It’s been an interesting start to 2018. We’ve got the rising spectre of inflation, despite repeated assurances from the likes of Mark Carney, not so long ago, that what we really ought to be concerned with is deflation; a stock market wobble that’s given investors, politicians and just about everybody else the jitters; and the upending of the good ship Carillion—which turned out not to be such a good ship after all, rather a gleaming deck and mast on top of a rotten hull. Is this the sign of things to come, the beginning of the end, the warning tremors of a near-future recession earthquake? Absolutely not. But it is a sign that the economic winds are once again shifting. And top of the list of concerns already mentioned is that which affects everyone from the loftiest hedge fund managers to street level credit consumers.

Forget Carillion. Prevalent as the company has been in the news—mainly because of its politically sensitive government contracts—in the wider scheme of things, it’s simply another business that didn’t manage it’s affairs well enough to stay afloat. There has been slight contagion, but mainly it’s been confined to the company’s subcontractors and corporate partners, and therefore has remained mostly sealed within the construction sector. And while its demise has certainly been distressing for the thousands directly affected, its nothing like the subprime crisis of 2007 that punished millions. One good thing that has become apparent during the weeks of analysis following the collapse is that this isn’t the proverbial canary in the coalmine presaging wider economic problems. Rather, it is, to be brutally frank, a single vessel that unfortunately sank on the open sea of commerce.

The thing that does affect everybody, the thing that reaches the outermost capillaries of the ‘body economy’ and is therefore of far greater concern, however, is inflation. The effects of increasing prices putting pressure on central banks to increase interest rates is a real cause for concern. Not because, in and of itself inflation is a bad thing, but because of the context in which it will most likely happen.

A large proportion of the UK housing market today rests on a rather shaky foundation of many thousands of high loan-to-value mortgages, something the government encouraged (when the economy was in trouble, and money, thanks to QE, was cheap and plentiful) through Help to Buy. But now that the global economy looks to be in a far fitter state than thought, and calls for interest rate rises from various quarters are starting to become more strident, even a small move could put many borrowers (in particular buy-to-let landlords saddled with increasing tax burdens) in jeopardy.

Will we see a return to 1990s style interest rate hikes that saw many homeowners handing back the keys? Hopefully todays bankers and economists have more foresight than to allow such a thing to happen, but it is of course possible. Right now, the only thing we can be absolutely certain of is that nothing is certain, which is why investment decisions today should be made with eyes wide open, and executed with great care. From gilts to gold, from the dollar to oil, historically there’s always been an asset class underpinning the global economy. Today it’s real estate and right now, when benchmarked against other economic indicators such as wage growth and RPI, prices are too high to blindly expect a return based on capital gains alone.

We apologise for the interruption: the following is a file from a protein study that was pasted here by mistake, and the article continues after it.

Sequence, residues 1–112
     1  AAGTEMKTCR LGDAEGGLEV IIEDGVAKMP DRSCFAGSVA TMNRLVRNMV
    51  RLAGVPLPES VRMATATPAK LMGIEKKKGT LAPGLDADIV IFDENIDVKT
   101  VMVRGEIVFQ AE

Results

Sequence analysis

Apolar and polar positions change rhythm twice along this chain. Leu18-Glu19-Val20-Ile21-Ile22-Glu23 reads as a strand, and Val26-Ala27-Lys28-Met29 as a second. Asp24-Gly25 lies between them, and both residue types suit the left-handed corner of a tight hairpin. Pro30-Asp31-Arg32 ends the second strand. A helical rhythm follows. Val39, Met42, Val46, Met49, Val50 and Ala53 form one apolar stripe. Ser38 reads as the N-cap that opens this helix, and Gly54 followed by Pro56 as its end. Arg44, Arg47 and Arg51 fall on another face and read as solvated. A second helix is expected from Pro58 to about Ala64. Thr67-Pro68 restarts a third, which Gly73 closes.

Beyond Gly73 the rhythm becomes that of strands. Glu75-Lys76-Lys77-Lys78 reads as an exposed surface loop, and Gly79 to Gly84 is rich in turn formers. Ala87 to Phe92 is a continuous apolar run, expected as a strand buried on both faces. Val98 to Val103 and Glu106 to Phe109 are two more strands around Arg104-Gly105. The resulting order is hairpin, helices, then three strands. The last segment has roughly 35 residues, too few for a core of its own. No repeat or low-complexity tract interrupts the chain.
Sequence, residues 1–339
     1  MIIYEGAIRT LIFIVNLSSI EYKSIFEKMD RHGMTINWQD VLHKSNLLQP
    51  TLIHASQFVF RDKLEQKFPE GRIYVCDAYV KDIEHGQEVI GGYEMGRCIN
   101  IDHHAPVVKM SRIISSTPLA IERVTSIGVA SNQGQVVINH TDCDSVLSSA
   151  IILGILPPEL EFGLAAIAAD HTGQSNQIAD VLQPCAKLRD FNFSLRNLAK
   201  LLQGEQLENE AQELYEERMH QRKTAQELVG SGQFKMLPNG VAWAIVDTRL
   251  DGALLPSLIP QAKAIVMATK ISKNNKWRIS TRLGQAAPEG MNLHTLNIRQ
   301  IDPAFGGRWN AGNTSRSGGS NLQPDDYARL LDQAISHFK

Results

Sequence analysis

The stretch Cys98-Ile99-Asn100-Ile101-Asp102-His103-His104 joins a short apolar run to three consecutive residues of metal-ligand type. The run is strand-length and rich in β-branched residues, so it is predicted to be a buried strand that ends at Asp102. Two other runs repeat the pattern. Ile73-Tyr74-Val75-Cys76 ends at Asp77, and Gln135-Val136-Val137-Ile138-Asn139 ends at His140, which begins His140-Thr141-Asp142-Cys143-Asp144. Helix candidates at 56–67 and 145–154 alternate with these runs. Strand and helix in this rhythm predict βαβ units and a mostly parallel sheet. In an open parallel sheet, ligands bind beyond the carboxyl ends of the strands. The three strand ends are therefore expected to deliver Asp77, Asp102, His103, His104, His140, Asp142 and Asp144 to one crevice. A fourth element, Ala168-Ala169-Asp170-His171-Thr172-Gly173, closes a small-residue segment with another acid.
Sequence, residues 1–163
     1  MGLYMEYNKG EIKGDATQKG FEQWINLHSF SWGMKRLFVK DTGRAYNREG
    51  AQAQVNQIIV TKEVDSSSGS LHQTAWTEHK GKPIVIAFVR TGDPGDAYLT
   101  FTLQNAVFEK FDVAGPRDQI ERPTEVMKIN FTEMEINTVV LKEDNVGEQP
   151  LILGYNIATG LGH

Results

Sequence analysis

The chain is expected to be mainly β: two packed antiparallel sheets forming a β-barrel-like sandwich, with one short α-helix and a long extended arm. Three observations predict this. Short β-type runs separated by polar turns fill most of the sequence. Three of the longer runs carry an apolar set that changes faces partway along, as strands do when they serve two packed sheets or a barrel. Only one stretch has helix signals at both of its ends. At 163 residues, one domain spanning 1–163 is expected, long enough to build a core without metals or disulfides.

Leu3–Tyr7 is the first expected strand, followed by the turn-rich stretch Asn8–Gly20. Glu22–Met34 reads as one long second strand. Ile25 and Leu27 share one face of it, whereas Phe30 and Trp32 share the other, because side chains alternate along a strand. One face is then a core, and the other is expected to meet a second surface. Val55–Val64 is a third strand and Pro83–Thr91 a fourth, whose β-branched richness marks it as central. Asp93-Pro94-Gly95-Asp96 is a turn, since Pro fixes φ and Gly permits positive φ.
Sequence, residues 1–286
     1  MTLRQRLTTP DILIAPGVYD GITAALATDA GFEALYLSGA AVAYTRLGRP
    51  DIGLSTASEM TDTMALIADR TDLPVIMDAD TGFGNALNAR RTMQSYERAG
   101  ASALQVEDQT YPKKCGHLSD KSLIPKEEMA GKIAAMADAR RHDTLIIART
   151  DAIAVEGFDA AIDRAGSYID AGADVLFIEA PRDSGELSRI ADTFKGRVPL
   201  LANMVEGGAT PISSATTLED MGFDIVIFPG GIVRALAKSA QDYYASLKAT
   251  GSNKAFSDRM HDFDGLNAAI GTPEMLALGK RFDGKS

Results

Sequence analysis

But does any of this mean rate rises are inevitable? Last month’s sudden plunge in the stock market suggests it does. Following strong jobs data in the US, with record low unemployment and signs of rising wages—much of it the result of Trump’s recent tax changes and his gung ho approach to boosting the nation’s income—inflation looks likely. Which means interest rate rises, whether or not they are desirable also become more likely.

After a decade of loose fiscal policy set against a contradictory backdrop of austerity, it looks as though the next five years will be characterised by the steady winding down of QE. That means we’ll be heading into a new economic phase, one we haven’t experienced before, and it’s perfectly reasonable to expect that quantitative tightening (QT) will, in the long run, have the opposite effect.

The second longest stock market bull run on record may therefore be about to roll over from its quavering highs. We’re not talking about a nosedive here, most likely a slow swim down back to less heady levels, but the signals have started. If Warren Buffet’s saying the market’s too expensive, it probably is. The Dow Jones dropping 1175 points, the largest drop in history outside of a recession, was an investor tantrum, a reaction to the realisation (following the jobs report) that what the market giveth the market can also taketh away. Volatility returned with a vengeance generating the biggest VIX spike on record. If you didn’t know it, VIX is a measure of volatility, and that spike meant that when the sellers came in, they came in hard and fast. It was the sort of move Usain Bolt would have struggled to keep pace with.

Things have levelled off since then, and the panic is in the past, for now. But it was a move that shouldn’t be ignored or forgotten, a move that suggests inflation is at the forefront of the minds of those at the top.

So, if inflation is on the cards, what does that mean for UK property investors? Actually, quite a lot. And this is something we’ll be covering in more detail in our April newsletter.

If you’re looking for an inflation-proof opportunity that promises ongoing yields of 8% or more, with multiple revenue streams supporting your investment, get in touch with us at Shepherd Cox today.

Nick Carlile
Property Investor
23 years / £120 million HMOs / 474 Houses / 17 Hotels